Any gardener can understand the fancy dress idea.   We have all seen landscapes installed in our neighborhoods in airless, gooey, and certainly not improved clay soil- topdressed with some good looking black earth that makes everything look like it is planted in the most fabulously plant friendly soil on the planet.  We’ve all seen new plants dropped into pots for a special event the day before.  We’ve also seen the urban property with an allee of trees as if it were a 80 acre estate expecting a visit from Louis the Fourteenth.  Topdressing is a concept every gardener understands-for good, or for ill.

A case in point;  for years Rob would build his bamboo stake/galvanized wire tomato cages for clients.  He would position the 4 bamboo stakes outward from the rootball of the tomato, and wrap from stake to adjoining stake hoops of galvanized wire from the Depot.  His hoops had no kinks.  The hoop-swoops were wide at the top, and tight at the bottom-perfect for that indeterminate tomato growing taller, and wider at the top,  by the day.  At some point, he was despairing of the long lineup of his hand-fashioned hoops for which he had requests.  So we designed an acid washed steel tomato cage-in a perfectly widening sequence 0f hoops, and had them built.  They cost two hundred and umpteen dollars-but anyone can come in, buy one, and load it in their trunk.  For the person who does not have the idea to spend the umpteen dollars for our formal version of his hand worked tomato cage, I apologize that we are not a teacher the caliber of Martha Stewart. But we can try to teach how to create the bamboo stake-wire cage-just ask.

Understand that I had my own Martha Stewart moment-like countless other people.  I built a croquembouche exactly to her specifications-but my attempt to create the ultra thin sugar hair that was due to go over that tower of  profiteroles like a cloud, only coated my entire kitchen-top to bottom- with a congealed sugar mess.  I thought for two days afterwards I would just have to move-then I cleaned for another two days.  The lesson here-don’t be deterred by an unsuccessful first attempt.  Make another.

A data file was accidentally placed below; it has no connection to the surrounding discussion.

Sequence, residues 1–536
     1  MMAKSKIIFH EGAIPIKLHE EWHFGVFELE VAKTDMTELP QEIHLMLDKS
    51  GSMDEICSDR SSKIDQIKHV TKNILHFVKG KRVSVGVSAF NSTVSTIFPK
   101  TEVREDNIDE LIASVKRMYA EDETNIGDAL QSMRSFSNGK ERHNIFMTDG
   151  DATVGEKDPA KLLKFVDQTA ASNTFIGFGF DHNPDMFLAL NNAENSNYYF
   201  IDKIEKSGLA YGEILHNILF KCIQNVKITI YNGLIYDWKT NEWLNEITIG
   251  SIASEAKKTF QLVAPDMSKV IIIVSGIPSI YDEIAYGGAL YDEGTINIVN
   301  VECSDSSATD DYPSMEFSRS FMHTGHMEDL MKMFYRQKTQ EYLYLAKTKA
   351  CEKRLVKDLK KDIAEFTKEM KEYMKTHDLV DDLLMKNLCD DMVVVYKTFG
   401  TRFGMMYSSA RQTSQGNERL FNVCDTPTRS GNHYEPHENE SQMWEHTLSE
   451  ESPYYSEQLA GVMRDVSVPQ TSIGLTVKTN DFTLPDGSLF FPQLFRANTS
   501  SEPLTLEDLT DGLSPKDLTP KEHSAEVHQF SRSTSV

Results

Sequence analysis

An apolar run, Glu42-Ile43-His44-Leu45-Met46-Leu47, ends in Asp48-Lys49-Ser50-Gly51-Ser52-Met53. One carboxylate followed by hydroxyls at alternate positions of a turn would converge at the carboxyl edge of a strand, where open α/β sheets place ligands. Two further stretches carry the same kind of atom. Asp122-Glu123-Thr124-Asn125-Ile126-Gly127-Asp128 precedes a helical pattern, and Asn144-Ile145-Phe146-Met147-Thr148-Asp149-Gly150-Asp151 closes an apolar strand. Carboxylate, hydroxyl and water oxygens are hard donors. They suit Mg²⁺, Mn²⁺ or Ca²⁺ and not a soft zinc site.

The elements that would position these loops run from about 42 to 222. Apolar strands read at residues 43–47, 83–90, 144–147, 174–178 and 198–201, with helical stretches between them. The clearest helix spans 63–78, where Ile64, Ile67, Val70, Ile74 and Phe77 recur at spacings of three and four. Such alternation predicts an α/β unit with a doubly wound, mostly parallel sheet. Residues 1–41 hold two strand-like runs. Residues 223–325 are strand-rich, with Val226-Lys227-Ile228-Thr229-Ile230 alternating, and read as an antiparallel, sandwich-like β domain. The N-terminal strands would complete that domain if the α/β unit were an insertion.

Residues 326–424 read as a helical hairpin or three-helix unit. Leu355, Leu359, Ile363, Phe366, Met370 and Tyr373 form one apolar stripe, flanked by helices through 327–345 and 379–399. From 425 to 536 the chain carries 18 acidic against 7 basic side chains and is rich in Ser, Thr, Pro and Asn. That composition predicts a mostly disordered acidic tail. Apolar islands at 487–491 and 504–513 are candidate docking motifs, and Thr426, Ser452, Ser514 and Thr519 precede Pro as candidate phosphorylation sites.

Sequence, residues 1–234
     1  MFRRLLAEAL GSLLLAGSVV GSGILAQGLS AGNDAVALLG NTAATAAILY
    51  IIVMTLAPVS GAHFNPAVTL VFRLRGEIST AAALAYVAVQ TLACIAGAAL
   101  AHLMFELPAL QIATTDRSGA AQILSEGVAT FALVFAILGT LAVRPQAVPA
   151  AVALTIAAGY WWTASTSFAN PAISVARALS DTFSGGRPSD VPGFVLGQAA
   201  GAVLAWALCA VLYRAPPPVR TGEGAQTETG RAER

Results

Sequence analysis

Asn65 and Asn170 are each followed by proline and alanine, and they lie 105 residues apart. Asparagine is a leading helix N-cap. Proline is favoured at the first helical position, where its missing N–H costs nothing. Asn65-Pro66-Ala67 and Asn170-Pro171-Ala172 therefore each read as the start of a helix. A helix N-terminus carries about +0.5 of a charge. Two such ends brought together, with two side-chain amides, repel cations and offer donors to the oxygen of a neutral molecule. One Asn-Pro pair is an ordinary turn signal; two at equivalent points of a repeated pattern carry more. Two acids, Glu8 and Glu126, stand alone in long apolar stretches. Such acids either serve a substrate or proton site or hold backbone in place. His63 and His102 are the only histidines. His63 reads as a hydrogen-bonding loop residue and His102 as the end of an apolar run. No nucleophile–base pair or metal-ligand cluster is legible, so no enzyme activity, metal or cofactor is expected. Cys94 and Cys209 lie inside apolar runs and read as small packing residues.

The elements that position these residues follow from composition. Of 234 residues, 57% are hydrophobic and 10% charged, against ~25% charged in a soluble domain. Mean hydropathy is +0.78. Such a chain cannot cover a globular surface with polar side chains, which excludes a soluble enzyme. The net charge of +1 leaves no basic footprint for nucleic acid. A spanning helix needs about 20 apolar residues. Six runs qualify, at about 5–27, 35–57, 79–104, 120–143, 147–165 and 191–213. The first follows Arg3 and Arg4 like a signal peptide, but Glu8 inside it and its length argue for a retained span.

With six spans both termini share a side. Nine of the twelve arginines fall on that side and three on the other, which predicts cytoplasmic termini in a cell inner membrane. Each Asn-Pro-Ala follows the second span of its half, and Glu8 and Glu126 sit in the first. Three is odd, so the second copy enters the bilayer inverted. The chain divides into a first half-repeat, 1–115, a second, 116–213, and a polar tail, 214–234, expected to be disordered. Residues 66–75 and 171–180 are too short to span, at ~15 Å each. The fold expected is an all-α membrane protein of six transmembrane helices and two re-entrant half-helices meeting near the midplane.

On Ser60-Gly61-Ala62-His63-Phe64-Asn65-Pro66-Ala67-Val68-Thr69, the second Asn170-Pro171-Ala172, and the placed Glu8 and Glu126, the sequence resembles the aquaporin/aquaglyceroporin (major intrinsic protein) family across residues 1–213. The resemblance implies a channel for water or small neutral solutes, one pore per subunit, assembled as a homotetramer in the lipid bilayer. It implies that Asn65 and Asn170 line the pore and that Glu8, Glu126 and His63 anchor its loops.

A garden I truly admire has a formal, and short grass  path to a very handsome and overscaled gate.  This path is edged on each side with a very long, very thin rectangle of steel edger strip, infilled with fine gravel.  It is a detail which is incredibly beautiful.  It marks the path so elegantly. This detail says, this way to the rose garden-welcome.   But that steel rectangle some 9 feet long by 6 inches wide-who knows what that dress cost- could be reproduced with a single length of 4″ by 6″ pressure treated lumber, set on its wide edge.  This would be a dress of a different sort, but you would still catch your breath, seeing it.   Another gardener would interpret these long spare path edges with hens and chicks contained with aluminum edger.  Yet another gardener would dig a dirt ditch 6 inches wide, and call it a day. 

If you need design help, figure out who can teach you.

Sunday Opinion: The No Idea Day

Everyone has days where nothing comes. I have plenty of them.  My tactic-the stall. If I don’t have an interesting idea, if the hair is not standing up on the back of my neck,  if things don’t seem to be working-I say so.  To my clients, that is. It’s tough to say “I have no idea (yet) what to do here”.  Much tougher for me, than for a client. I am better able to cope with a not-much-cooking day in others, than in myself.  Hedging helps out.  Its easier to say “I don’t know” if you tack on the end, “but I will find out for you”. 

My scientist Mom went back to work after raising her 3 kids-not in science, as she said too much had happened in the scientific world between 1950 and 1968 to catch up.  So she got a Master’s in Education, and taught high school biology until she retired.  Late in her career,  budget cuts dealt her 3 classes in chemistry.  She took to her bed, certain that these 17 year olds would figure out she she was no expert in chemistry.  I mean, she really took to her bed.  I had to go over to her house every day for 3 months, make her get up and dress, fix her coffee, and escort her to her car when it was time to go.  I made a point of being there at the end of the day too-why wouldn’t I?  Had she not done the same for me countless more days?  It was a good day when she finally understood that no 17 year old would ever come close to challenging her understanding of chemistry, much less her ability to teach it.  And that if she were ever asked something she didn’t know the answer to, she was eminently capable of any research required.  Not that this ever happened-it was her fear that threatened to knock her down.